The Daily Gamecock

Analysis: South Carolina men’s basketball falls to Florida following a rough shooting night

<p>Junior forward Wildens Leveque wins the tip off for Carolina at the start of the game against the Florida Gators on Jan. 15, 2022 in Columbia, SC. The Gamecocks lost to Florida 71-63.</p>
Junior forward Wildens Leveque wins the tip off for Carolina at the start of the game against the Florida Gators on Jan. 15, 2022 in Columbia, SC. The Gamecocks lost to Florida 71-63.

The Gamecocks struggled to facilitate the ball early on in the first half, couldn’t finish inside and failed to capitalize on fast break opportunities as they lost to Florida 63-71.

Right out the gate, Florida's defense came out in a full-court press and successfully stopped Carolina’s offense from setting up. It took almost 17 minutes for the Gamecocks to register its first assist. At this point, the team was trailing 30-20. The majority of the team's points came off isolated layups or jump shots up until that point. 

The Gamecocks only recorded one more assist beyond that point for two total at the half. Florida’s constant full-court press and man-to-man defense coupled with a lackadaisical effort on the Carolina side contributed to the poor shooting night.

“In the first half, I thought Florida set the tone for the energy and the physicality that they were gonna play with, and I didn’t think we were very good from that standpoint early in the game,” head coach Frank Martin said. “We didn’t play with the aggression that we have to play.”

Coach Martin expressed his disappointment with his team's aggression, particularly on offense. He said he felt throughout the game they weren’t putting in as much effort as Florida in creating offense for one another.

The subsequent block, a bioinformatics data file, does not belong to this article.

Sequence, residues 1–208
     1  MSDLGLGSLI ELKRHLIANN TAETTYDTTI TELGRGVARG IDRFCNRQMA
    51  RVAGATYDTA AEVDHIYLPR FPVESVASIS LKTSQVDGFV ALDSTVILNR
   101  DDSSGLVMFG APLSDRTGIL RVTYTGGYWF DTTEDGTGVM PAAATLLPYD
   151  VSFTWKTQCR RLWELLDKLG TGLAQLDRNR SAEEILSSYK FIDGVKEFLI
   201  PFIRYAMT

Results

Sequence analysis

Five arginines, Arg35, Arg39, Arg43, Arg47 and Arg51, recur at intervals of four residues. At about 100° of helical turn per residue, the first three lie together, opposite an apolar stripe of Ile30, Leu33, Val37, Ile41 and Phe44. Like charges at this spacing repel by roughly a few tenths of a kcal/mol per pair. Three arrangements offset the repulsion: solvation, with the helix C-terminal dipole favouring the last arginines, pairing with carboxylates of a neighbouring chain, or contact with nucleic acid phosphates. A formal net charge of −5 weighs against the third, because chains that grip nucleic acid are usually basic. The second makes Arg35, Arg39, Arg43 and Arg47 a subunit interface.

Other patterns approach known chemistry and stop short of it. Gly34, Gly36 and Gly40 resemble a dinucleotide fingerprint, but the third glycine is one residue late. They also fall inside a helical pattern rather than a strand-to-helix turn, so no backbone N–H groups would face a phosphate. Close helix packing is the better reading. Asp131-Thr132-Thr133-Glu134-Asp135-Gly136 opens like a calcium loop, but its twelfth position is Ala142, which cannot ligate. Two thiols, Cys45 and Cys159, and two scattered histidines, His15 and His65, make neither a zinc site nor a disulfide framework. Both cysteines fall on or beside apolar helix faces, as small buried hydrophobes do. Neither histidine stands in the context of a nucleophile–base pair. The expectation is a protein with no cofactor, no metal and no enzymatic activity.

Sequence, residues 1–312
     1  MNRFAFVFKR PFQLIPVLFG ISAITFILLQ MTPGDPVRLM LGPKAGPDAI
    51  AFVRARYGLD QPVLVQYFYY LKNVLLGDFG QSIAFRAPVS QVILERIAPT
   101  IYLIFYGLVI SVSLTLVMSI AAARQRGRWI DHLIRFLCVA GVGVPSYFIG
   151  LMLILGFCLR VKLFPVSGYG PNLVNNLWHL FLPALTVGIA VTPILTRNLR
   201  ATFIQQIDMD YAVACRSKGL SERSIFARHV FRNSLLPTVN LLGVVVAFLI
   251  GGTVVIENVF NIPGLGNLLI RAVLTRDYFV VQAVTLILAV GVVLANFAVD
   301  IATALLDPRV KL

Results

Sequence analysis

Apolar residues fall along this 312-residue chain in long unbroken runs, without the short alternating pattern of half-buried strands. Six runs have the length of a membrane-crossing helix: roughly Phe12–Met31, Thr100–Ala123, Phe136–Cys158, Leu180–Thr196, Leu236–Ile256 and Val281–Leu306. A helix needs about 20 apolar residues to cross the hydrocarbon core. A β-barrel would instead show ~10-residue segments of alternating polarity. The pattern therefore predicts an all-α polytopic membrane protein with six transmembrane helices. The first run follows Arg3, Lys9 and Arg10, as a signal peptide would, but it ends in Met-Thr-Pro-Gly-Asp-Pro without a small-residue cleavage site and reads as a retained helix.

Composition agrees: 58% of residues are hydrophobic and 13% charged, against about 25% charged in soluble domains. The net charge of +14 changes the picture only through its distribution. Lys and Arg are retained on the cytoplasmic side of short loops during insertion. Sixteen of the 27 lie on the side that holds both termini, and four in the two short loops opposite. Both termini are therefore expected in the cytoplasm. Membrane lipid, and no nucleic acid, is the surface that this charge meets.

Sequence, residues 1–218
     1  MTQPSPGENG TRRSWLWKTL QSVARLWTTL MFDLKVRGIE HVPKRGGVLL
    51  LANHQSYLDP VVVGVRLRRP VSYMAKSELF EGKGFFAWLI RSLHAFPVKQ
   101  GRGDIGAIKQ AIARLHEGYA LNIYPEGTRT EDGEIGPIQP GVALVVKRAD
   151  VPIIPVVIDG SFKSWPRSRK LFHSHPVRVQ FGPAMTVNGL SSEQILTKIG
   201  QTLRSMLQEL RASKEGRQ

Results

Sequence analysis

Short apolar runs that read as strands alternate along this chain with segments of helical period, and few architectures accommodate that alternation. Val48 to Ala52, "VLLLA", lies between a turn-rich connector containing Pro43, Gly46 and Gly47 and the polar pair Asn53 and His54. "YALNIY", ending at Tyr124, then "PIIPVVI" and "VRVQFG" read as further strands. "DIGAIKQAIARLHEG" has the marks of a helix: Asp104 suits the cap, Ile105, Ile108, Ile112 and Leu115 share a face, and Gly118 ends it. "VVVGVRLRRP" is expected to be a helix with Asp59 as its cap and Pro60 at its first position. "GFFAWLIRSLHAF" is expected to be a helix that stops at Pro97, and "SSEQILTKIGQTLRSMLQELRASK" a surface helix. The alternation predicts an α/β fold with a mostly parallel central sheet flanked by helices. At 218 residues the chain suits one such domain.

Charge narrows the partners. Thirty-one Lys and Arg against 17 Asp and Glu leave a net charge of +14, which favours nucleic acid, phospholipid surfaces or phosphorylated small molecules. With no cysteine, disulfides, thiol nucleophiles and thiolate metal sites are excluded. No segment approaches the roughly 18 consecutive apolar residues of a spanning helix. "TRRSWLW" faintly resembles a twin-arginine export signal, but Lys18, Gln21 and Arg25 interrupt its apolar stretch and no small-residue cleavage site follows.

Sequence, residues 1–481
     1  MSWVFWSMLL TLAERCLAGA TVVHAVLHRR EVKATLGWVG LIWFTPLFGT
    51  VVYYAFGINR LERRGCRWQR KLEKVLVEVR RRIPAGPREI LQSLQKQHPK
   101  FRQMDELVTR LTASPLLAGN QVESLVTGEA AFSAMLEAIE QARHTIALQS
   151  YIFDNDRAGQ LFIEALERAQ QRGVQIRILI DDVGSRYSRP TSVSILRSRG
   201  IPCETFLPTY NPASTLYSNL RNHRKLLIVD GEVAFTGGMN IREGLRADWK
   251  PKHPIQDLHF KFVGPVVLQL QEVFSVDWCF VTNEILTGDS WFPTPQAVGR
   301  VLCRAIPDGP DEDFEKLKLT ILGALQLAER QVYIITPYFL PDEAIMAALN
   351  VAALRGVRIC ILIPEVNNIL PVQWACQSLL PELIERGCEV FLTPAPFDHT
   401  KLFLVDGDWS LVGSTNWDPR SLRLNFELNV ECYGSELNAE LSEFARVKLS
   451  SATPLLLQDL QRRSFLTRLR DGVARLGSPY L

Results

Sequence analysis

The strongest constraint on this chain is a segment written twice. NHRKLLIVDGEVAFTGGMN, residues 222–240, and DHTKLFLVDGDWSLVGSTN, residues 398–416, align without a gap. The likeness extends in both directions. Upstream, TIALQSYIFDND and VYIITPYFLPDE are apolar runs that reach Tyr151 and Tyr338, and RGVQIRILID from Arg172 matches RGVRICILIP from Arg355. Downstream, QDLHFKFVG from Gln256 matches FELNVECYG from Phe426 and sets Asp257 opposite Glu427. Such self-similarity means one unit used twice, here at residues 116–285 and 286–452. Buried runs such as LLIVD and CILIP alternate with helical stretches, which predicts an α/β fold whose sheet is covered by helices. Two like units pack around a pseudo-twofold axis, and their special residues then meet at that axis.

One bright spot for South Carolina was their 21-8 offensive rebounding advantage over the Gators. However, this advantage was dismantled by a strong interior defensive performance by Florida.

The Gators, led by senior forward Colin Castleton’s 8 blocks, shut down the Gamecock’s interior offense. Despite the fact that the Gamecock’s shot 26 more shots from two-point range than the Gators, the Gamecocks made two fewer shots. In total, The Gamecocks shot 53 shots from two-point range and the Gators shot 27 shots. This was caused by Florida's ability to contest South Carolina shots near the basket. 

“When you drive the ball and you’re a non-dunker, and the 7-footer is standing under the net waiting for you and you try to shoot it over him, that’s a bad shot,” Martin said. “Bad shots aren’t just from 30-feet, there’s bad shots at 5-feet and 2-feet. We took a lot of bad shots today.”

Senior guard Erik Stevenson shared a similar sentiment and said the team simply played into Florida’s defense too often, resulting in several lost possessions and Gators’ points off turnovers.

At a glance, the turnover battle seemed favorable for the Gamecocks as they held a 9-15 advantage. Additionally, they also led in total steals 10-8.  Ultimately, the difference was how those steals and turnovers converted into points. 

Martin emphasized postgame the turnovers the Gators caused often led to fast-break points for them, whereas the turnovers the Gamecocks caused did not lead to fast-break opportunities.

This loss puts the Gamecocks at 10-6 overall and 1-3 in the SEC. They will next play at Arkansas on Jan. 18 at 7 p.m. 


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